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Microsoft channels rich client to IT shops

Microsoft's Steve Ballmer told partners to bet on a host of new technologies that add up to a very rich client. Will IT shops buy what's barreling through this channel?

BOSTON -- With the release of Vista, Office 2007, unified communications, search tools and Internet-based subscription software services in the works, Microsoft is prepping for one of the biggest client makeovers in its history.

The fact that Microsoft is making this software and technology available at roughly the same time will mean lots of products for Microsoft's partners to sell — but the adoption curve will be a long one. IT shops are not likely to adopt Vista or any of those other new products until they are ready to replace their current desktops.

"Microsoft is setting itself up for 2008 or 2009," said Paul DeGroot, an analyst at Directions on Microsoft, a Kirkland, Wash., consulting firm. "People will buy Vista with new PCs, and Vista works well with XP, but it will be three years before all PCs run Vista."

There is no specific connection between Vista and Office 2007, which was aligned with Windows XP, he added. So, if there are dependencies between technologies such as Office, Vista and the Live online services, for example, Microsoft will have to be sure to devise services that work with existing platforms.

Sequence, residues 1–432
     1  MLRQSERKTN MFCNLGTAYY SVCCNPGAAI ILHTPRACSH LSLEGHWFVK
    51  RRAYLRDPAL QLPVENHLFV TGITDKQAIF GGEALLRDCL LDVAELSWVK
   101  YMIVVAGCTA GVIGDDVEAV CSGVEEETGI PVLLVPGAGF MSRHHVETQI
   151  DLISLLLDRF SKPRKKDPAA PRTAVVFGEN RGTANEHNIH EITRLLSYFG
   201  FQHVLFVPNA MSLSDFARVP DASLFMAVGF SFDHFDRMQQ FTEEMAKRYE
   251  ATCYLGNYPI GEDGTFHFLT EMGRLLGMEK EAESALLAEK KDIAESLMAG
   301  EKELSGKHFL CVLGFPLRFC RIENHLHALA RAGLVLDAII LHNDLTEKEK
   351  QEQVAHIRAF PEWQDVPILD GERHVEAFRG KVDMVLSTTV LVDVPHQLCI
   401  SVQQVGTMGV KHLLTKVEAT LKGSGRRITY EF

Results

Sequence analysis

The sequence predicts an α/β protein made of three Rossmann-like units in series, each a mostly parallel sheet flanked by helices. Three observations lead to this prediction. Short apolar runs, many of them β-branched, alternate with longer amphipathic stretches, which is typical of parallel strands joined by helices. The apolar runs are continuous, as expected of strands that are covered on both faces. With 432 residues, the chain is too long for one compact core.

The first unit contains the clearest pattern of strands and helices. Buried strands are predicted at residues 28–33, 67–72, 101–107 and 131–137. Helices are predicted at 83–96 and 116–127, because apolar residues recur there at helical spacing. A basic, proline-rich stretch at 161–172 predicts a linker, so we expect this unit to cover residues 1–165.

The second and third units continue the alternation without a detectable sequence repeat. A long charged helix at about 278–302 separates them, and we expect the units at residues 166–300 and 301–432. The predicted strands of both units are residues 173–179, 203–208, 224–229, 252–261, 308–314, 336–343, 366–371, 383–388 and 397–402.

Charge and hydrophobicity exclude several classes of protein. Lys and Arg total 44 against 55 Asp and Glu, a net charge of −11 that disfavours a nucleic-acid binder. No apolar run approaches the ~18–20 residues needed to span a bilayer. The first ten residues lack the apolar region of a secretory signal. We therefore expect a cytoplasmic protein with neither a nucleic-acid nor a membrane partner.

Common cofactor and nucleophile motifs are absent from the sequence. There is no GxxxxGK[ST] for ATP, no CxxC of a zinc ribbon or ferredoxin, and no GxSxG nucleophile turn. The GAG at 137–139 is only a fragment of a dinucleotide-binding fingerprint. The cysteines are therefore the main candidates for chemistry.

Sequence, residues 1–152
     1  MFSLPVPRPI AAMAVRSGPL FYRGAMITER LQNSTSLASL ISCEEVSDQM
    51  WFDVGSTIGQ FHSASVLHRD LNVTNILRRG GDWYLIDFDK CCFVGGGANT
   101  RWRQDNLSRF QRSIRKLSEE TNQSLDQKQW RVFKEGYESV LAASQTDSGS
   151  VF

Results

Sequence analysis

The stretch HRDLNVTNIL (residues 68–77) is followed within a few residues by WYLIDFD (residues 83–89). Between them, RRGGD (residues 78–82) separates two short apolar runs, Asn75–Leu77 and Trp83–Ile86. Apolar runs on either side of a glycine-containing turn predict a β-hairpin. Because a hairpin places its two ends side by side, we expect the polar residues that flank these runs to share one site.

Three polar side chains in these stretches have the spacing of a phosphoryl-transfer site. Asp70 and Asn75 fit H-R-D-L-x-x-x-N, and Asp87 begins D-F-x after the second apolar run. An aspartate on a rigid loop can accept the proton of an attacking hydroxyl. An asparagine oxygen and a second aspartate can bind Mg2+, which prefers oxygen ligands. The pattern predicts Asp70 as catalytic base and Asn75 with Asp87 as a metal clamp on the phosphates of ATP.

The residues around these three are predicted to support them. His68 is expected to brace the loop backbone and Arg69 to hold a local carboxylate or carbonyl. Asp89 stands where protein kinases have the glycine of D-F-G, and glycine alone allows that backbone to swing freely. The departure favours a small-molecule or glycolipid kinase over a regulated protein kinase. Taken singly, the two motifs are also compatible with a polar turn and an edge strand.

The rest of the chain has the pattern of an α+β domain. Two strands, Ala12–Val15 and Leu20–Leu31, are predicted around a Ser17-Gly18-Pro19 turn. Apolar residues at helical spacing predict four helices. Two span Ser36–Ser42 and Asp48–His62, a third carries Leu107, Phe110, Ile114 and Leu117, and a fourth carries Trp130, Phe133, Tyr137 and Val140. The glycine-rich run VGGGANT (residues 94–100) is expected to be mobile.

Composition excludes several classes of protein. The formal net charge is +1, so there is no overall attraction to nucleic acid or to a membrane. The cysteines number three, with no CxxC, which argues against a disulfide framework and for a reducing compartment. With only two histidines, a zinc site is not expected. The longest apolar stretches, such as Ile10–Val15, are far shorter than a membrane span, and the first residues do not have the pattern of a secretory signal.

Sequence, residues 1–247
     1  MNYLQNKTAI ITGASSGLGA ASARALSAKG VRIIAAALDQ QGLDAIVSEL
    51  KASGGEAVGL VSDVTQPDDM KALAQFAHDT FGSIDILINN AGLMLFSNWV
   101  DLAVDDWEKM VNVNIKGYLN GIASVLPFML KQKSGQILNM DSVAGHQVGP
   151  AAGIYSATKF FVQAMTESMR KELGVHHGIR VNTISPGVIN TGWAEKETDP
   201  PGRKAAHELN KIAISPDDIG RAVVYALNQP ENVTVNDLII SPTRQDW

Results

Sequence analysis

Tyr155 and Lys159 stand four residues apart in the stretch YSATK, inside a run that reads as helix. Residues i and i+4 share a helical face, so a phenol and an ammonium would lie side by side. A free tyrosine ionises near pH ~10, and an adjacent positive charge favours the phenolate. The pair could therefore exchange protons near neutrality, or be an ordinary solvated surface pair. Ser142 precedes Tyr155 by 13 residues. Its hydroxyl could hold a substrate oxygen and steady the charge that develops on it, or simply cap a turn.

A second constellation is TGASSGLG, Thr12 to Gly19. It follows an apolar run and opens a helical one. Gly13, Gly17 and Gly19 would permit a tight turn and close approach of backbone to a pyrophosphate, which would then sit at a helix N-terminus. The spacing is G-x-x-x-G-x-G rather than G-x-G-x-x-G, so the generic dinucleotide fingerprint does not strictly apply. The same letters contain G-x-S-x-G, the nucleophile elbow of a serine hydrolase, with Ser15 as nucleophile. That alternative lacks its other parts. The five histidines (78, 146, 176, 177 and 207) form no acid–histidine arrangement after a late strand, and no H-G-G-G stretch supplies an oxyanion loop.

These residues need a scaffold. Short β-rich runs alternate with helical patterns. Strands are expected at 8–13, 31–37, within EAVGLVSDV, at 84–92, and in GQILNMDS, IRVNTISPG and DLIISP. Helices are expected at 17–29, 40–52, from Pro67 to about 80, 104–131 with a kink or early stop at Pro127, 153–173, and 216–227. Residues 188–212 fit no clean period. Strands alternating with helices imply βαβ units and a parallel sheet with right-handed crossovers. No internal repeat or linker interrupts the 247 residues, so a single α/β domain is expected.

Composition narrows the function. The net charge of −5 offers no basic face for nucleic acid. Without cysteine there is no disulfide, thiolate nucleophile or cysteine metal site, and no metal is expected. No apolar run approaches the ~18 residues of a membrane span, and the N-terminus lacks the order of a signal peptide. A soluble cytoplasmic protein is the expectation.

"If Microsoft hasn't linked these together, they will exclude much of its installed base," DeGroot said.

At its Worldwide Partner Conference here this week, Microsoft's CEO Steve Ballmer gave his annual pep talk to company resellers, integrators and others who distribute technology to customers from small businesses to large corporate enterprises. He encouraged his forces to roll the dice with Microsoft and support this product wave, although it remains to be seen if IT managers will choose to take the same gamble.

Ballmer talked about the coming releases of Vista, Office 2007 and other products such as its unified communications server that would help allow customers to easily communicate with each other no matter where they are or what device they are using.

Although IT spending is increasing, those expenditures mean customers want to see big improvements in how systems or products work. Ballmer joked with partners, saying he knew they would be quizzing product managers during the conference about which customers would need Vista, which would need an Office update to use Vista and which could implement Vista without an Office upgrade. "I use both, and it's the way to go people, it's the way to go," Ballmer said.

Ballmer promised there would never be another large time lag between desktop software as there has been between Windows XP and Vista. "Trust me, you can just count on it, we'll never have this kind of gap again," he said.

Microsoft would heavily pitch Vista to consumers, said Ballmer, which would in turn drive corporate adoption. "Then you have people saying, I want this stuff at work," he said.

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